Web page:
Restoration of iconic drag truck gathers speed

drag truck

In 2016 I wrote a story in Big Rigs about an iconic drag truck called the Mean Machine, a B-model Mack owned by the legend himself, Billy Gordon.

I loved doing the story on this truck because of its iconic history on the highway and on the race track.

It’s the truck I grew up with watching at Surfers Paradise International Raceway back in the day.

The truck is iconic because of one man, that’s Billy Gordon.

Billy not only bought that truck as a young fella and ran her up and down the highways of Australia, he then decided to race her.

It all came about back in the mid-70s when some Gold Coast and Brisbane-based highway runners, who had egos bigger than the gear they were driving, decided they wanted to have a go with their highway trucks on the race track instead of the highway (no speed limiters back in those days).

So began the quarter mile running highway trucks at Surfers Paradise International Raceway. Some of the interstate trucks would pull up out in the car park, drop their fully loaded trailers and run the quarter mile. Then after the night was over, they would hook up their trailers and continue on their trip to Sydney and brag all the way down.

Guys like Morrie Lowe, a local Gold Coast truckie who ran the quarter mile more than once in his Kenworth K125, and of course Billy Gordon and his old B Model Mack.

I will always remember the last race that I saw the Mean Machine run. That was against Frank Gaffiero’s Expeditor, later to be known as The Bandag Bullet, at Surfers Paradise International Raceway.

The truck eventually stopped doing highway work to focus on racing fulltime.

When I last did the story on the Mean Machine, Billy and Sharon said they would never sell that truck.

Well, a lot has changed since that interview in 2016.

I was so saddened to hear about the passing of Sharon, heart-felt condolences to the Gordon Family from everyone here at Big Rigs.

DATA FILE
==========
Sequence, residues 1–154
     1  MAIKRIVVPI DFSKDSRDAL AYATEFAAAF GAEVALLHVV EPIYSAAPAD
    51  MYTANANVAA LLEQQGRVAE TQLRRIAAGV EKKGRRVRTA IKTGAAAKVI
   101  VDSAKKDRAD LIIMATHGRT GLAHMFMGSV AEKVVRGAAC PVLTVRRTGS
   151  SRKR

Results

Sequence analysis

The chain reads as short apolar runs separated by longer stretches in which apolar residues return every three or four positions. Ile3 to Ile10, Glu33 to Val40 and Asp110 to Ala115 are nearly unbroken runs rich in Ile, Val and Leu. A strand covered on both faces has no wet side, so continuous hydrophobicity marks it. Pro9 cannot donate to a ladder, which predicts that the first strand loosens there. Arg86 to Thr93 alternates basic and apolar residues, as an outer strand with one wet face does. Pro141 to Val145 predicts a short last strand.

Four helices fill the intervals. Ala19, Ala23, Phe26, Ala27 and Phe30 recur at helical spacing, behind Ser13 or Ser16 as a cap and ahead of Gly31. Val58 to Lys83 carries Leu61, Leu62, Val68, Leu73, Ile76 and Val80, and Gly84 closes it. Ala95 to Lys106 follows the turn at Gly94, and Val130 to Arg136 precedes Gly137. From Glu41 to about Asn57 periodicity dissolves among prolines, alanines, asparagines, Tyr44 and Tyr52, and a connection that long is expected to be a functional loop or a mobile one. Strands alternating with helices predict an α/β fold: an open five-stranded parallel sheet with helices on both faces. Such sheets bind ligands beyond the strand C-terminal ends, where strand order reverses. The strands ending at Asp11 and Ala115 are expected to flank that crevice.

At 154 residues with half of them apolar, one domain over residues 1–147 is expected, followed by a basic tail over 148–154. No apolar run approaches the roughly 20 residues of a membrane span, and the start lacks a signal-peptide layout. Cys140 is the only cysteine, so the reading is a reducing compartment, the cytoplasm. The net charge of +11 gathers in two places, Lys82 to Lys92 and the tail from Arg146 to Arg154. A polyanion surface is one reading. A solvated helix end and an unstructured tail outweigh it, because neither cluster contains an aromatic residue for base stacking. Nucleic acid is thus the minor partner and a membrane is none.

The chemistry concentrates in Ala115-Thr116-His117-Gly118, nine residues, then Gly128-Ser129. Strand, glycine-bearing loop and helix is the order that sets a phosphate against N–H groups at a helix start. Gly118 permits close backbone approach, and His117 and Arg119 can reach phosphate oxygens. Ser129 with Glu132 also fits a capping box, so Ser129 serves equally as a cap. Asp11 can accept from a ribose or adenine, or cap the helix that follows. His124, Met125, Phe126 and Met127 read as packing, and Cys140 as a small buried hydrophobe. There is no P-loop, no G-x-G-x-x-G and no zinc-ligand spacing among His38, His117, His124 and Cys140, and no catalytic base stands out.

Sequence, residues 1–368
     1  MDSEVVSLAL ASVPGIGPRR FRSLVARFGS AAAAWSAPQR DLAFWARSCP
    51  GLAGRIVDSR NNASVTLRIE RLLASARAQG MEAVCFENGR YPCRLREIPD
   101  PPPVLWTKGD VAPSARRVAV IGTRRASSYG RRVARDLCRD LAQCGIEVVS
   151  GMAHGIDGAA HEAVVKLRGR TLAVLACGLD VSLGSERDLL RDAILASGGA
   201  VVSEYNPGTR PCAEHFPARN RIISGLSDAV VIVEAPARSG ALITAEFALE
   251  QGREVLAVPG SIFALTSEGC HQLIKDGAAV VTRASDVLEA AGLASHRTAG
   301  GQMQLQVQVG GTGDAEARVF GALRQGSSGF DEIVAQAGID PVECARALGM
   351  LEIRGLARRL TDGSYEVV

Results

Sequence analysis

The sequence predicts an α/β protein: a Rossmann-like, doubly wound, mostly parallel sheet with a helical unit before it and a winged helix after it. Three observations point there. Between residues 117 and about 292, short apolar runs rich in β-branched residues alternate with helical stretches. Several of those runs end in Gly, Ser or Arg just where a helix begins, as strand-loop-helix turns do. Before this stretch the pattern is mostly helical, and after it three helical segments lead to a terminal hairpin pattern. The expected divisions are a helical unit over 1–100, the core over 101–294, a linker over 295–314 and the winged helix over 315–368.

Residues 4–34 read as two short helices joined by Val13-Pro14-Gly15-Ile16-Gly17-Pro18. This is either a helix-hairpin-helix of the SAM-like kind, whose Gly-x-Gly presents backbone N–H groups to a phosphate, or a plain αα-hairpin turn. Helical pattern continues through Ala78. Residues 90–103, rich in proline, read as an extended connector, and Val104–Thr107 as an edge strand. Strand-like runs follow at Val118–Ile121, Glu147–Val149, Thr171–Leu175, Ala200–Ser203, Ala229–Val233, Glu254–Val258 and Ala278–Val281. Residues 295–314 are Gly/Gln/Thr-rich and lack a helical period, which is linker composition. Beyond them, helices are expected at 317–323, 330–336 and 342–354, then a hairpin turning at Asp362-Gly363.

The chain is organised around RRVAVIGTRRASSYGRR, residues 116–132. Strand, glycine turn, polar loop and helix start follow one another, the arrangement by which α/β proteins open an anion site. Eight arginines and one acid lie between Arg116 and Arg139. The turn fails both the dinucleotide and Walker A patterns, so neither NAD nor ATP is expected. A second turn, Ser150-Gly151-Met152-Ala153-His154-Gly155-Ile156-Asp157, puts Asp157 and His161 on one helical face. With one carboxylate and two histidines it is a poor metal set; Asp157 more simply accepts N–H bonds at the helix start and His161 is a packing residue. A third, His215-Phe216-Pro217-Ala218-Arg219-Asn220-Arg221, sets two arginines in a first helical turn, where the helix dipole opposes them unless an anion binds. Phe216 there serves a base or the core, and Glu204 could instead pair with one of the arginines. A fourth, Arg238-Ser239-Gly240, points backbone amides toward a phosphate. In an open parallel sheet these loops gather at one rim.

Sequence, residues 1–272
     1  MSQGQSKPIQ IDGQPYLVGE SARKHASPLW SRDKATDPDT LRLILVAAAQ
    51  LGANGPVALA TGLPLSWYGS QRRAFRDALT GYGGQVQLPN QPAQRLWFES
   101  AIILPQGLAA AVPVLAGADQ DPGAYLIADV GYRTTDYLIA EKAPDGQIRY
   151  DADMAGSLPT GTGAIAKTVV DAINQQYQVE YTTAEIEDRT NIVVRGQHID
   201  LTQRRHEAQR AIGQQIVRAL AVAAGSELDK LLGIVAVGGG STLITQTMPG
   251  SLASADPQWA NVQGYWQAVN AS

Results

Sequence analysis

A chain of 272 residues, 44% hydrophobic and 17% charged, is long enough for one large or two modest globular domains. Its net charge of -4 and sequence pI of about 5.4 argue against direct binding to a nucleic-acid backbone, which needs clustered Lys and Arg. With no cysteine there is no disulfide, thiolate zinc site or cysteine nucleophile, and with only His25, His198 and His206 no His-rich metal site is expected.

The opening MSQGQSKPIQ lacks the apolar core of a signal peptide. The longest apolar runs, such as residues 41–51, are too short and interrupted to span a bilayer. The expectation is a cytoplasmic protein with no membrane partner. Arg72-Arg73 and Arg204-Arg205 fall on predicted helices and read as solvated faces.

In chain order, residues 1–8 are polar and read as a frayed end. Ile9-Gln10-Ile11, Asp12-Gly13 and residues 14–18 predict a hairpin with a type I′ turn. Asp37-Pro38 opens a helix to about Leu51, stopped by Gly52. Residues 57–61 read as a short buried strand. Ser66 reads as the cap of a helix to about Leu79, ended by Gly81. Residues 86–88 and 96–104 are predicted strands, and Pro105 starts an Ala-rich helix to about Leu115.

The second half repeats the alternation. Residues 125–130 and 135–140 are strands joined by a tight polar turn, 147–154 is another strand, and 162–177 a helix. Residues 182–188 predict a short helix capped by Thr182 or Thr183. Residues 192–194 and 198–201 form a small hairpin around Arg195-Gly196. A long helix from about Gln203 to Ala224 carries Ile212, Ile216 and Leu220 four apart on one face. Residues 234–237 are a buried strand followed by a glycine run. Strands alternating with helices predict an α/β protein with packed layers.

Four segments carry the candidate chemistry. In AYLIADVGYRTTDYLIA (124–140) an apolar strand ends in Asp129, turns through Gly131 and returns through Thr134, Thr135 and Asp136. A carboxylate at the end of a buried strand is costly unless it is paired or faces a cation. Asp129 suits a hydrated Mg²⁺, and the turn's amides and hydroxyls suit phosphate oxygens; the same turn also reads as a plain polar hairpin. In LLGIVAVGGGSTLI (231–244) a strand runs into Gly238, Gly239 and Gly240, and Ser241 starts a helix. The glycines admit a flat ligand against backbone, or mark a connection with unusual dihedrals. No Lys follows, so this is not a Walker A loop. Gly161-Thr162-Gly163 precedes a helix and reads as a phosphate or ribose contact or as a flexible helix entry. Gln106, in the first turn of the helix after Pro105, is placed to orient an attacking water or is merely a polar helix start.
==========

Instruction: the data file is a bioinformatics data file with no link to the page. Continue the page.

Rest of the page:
Billy and Sharon decided to sell the Mean Machine to Bernie Tobin on one condition. That condition was that the Mean Machine is to be restored back to its former glory. No ifs, or buts, and no changes.

The deal was done. So, the float was despatched south to pick up the Mean Machine from Billy and Sharon’s farm at Norwell and the float then headed north to Bernie and Neil Conway’s place where the restoration is well and truly underway.

That’s where our next story will begin. So, I’m heading north to talk to the boys. The owners, the mechanics, the panelbeaters and spray guys to see how they are going with this iconic truck.

I can’t wait to catch up with everyone up there and have a look at the truly iconic truck of our past to see how she is looking.

By the look of some of the photos I have seen, she is looking absolutely great. Trucks like this have to be restored because that’s where our trucking history started back in the day.

·      Ed’s note: We’ll have part two of this restoration story in Big Rigs later this year and at bigrigs.com.au.

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